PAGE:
Cristina Tardáguila: First of all, I’d say that nothing is more important than yourself, nothing. It doesn’t matter who wins the election. It doesn’t matter if something is false or true. It doesn’t matter. First thing is you, the journalist, the editor, right? Are you safe? Are you sleeping well? Are you spending time with your family? Like, really, there is nothing more important in the planet than you as a person. In time, things must have their balance.
The second thing is to be prepared. If you’re in a newsroom, make sure you discuss how you’re dealing with hate and how you’re dealing with threats. Create guidelines because everybody needs to know what they have to do if they ever receive a threat. Who do they call? Who do they talk to? Who do who they report to? And then if you’re a manager and you receive that report, what do you do? Do you call the police? Do you, do you send this person outside the country? Like, you know, you have to have a clear guideline from actions. And then you do need a really clear psychological support.
If you look at the fact-checking community, I don’t think there is anyone really safe today. Everyone is somehow threatened, or doxed or criticized with very bad language, especially if you’re a woman. The psychological aspect of this issue deserves a whole new conversation. It’s really very hard to be online and be a fact-checker and also be mentally healthy. Yeah, you need a lot of strength, and a support system.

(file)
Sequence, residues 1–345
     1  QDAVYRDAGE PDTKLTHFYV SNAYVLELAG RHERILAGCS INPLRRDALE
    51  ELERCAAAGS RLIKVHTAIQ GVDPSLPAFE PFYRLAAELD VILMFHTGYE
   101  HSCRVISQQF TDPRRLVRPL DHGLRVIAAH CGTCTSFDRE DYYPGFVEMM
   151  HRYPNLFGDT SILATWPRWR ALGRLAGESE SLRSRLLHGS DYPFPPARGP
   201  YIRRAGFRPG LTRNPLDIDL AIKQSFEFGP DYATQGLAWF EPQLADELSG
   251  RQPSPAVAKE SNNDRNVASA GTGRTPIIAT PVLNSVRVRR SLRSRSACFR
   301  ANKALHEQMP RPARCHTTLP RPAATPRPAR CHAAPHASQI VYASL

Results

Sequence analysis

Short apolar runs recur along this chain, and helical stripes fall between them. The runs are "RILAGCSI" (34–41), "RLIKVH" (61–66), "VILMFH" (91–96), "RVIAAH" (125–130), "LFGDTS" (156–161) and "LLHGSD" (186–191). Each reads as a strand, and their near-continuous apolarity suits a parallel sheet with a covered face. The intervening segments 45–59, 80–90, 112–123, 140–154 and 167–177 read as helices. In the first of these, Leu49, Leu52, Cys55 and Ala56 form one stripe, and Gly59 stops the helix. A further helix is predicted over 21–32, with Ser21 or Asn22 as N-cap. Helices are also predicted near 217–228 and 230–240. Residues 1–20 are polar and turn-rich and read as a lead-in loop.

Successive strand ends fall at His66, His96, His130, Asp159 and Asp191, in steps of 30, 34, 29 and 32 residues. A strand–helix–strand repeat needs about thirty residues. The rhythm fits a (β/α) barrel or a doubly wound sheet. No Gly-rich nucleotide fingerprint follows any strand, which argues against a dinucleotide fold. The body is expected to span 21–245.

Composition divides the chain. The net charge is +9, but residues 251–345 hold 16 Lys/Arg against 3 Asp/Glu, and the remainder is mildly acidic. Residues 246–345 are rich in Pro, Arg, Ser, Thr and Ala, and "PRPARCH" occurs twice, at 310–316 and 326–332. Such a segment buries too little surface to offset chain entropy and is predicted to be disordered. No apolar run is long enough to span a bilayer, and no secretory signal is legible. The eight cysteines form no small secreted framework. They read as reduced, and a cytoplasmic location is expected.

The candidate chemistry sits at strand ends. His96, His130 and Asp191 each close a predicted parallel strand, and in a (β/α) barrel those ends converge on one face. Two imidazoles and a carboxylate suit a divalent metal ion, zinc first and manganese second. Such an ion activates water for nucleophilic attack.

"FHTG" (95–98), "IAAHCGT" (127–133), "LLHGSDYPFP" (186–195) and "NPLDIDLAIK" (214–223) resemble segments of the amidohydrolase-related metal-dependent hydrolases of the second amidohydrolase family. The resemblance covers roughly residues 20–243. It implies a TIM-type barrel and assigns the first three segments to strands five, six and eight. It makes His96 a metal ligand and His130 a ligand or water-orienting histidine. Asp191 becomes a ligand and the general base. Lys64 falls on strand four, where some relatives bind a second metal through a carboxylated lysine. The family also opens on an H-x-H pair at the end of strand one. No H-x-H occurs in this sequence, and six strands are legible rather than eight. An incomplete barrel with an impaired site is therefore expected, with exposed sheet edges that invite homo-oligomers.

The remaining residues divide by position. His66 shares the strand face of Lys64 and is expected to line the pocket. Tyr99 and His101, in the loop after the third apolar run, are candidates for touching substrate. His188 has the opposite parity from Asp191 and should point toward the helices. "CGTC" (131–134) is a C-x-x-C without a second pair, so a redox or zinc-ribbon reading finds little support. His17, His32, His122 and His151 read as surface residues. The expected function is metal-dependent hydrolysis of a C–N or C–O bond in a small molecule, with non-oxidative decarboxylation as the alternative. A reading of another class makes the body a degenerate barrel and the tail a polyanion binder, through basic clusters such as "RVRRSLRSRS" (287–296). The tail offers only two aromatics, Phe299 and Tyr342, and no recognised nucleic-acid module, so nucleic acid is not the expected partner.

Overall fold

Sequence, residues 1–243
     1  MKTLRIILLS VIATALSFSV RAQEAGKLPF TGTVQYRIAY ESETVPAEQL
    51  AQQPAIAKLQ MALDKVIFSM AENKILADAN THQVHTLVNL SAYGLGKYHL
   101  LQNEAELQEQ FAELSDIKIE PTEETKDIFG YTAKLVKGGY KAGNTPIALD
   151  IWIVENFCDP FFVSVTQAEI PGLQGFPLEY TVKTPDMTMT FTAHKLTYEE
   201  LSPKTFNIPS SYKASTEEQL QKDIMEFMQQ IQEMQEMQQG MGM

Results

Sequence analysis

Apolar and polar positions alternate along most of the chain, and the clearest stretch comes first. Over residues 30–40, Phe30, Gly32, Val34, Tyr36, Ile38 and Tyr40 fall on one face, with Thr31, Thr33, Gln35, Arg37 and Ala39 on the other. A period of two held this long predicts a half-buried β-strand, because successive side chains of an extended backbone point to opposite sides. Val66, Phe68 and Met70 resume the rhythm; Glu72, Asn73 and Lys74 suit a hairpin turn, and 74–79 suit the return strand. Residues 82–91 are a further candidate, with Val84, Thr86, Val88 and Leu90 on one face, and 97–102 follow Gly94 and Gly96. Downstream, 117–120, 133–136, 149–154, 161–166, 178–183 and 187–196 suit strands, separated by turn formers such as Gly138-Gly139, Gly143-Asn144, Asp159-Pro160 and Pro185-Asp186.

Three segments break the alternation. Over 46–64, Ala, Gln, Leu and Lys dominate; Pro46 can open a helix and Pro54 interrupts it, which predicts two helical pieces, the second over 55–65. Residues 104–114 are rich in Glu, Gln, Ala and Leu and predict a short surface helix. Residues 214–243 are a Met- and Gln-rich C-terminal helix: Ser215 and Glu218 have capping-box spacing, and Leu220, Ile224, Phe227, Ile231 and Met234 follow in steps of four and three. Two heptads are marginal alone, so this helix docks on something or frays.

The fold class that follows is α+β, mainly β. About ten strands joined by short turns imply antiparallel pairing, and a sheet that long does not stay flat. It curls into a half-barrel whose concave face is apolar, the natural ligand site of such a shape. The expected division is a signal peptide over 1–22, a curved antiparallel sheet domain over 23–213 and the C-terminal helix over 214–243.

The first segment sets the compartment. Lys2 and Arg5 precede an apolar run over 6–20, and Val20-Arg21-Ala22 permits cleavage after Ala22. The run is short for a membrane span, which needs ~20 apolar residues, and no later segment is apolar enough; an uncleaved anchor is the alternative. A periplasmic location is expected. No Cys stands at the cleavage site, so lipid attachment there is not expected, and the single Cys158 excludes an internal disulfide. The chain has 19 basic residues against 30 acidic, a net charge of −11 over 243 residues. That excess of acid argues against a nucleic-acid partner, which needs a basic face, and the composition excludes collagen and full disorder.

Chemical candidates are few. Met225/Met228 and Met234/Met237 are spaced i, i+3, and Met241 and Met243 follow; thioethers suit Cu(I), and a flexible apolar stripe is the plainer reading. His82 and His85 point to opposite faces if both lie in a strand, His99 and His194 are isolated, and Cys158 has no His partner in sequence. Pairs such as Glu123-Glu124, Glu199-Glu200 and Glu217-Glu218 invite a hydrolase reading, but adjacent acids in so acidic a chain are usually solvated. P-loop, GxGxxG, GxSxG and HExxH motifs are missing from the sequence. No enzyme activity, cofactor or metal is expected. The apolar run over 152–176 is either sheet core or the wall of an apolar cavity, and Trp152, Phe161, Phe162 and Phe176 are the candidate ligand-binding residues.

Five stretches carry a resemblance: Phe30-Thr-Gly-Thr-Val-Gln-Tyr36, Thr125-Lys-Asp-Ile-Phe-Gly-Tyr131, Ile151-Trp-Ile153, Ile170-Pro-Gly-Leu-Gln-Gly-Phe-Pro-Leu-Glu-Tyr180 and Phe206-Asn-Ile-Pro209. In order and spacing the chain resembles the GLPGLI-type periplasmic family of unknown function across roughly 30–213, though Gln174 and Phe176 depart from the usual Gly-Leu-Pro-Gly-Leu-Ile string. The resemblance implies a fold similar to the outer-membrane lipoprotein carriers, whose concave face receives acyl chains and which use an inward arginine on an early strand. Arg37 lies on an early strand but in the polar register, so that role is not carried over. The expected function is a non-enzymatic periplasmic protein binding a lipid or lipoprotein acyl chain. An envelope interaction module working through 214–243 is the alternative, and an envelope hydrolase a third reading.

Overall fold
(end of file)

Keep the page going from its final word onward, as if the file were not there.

What are the main narratives of Russian propaganda being spread in Brazil?
Cristina Tardáguila: Pro-Russian actors mainly spread anti-USA sentiments. A very good recent report by the US embassy in Brazil which highlights the group called “The New Resistance.” It is very well-coordinated and embedded in Brazilian academia and universities, and also bought stakes in some newspapers, radios, and other media.
Brazil and United States were very close during the reign of the previous president, Jair Bolsonaro, who was friends with Trump. With current leftist president Luiz Inacio Lula, it seems like there is a possibility for growing Russian influence. He failed to show support for Ukraine, blaming both sides equally for the war.
What advice would you give to aspiring journalists and fact checkers looking to make a meaningful impact in combating misinformation and upholding journalistic integrity?
Cristina Tardáguila: I would say, be humble, know what you don’t know, and explain what you don’t know. Be transparent about your limitations. Keep studying every single tool because they change every day. Also collaborate with others and show solidarity.
If you’re going on your own and becoming a media entrepreneur, make sure you study business management first. Many journalists fail when they try to open a newsletter or a website, because they don’t get management skills when they study journalism at our universities. At least they don’t in this part of the planet.
In these times when journalism has lost its credibility mostly due to fake news and other problems, like no financial incentive and threats, why would you want to be a journalist?
Cristina Tardáguila: Because as Gabriel Garcia Marquez usually says, that’s the most beautiful profession in the world. Ha ha ha. And I believe him. I cannot see myself doing anything else.
Journalist: Elida Zylbeari